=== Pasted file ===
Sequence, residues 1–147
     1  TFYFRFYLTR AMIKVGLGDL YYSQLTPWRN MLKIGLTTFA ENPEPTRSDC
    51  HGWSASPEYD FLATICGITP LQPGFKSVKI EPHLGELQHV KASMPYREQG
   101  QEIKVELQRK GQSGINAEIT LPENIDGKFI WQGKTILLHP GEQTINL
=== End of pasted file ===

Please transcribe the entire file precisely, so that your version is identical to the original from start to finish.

Sequence, residues 1–147
     1  TFYFRFYLTR AMIKVGLGDL YYSQLTPWRN MLKIGLTTFA ENPEPTRSDC
    51  HGWSASPEYD FLATICGITP LQPGFKSVKI EPHLGELQHV KASMPYREQG
   101  QEIKVELQRK GQSGINAEIT LPENIDGKFI WQGKTILLHP GEQTINL